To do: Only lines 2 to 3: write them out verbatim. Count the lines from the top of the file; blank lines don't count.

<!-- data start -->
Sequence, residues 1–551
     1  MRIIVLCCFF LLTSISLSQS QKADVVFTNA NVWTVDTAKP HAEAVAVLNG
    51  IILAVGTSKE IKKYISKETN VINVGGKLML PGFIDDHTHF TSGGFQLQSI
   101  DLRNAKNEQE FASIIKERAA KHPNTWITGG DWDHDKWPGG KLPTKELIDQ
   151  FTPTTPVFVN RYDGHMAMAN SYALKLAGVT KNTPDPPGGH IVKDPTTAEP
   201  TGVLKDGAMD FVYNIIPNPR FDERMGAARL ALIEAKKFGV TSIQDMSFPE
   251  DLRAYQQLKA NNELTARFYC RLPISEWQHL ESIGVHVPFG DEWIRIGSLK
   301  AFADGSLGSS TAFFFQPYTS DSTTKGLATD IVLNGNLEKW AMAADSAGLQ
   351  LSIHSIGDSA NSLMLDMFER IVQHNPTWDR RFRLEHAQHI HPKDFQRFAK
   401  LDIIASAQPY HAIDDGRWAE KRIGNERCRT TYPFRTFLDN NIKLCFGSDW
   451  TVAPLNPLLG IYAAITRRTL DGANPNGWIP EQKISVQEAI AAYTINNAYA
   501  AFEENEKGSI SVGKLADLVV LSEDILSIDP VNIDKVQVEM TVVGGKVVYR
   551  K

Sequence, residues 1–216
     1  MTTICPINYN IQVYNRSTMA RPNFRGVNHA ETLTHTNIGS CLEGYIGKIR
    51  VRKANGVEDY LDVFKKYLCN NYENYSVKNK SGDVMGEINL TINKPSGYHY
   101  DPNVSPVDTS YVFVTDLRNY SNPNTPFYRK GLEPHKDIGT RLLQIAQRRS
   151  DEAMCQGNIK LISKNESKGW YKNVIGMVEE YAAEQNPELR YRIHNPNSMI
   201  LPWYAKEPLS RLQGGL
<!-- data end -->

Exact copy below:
     1  MRIIVLCCFF LLTSISLSQS QKADVVFTNA NVWTVDTAKP HAEAVAVLNG
    51  IILAVGTSKE IKKYISKETN VINVGGKLML PGFIDDHTHF TSGGFQLQSI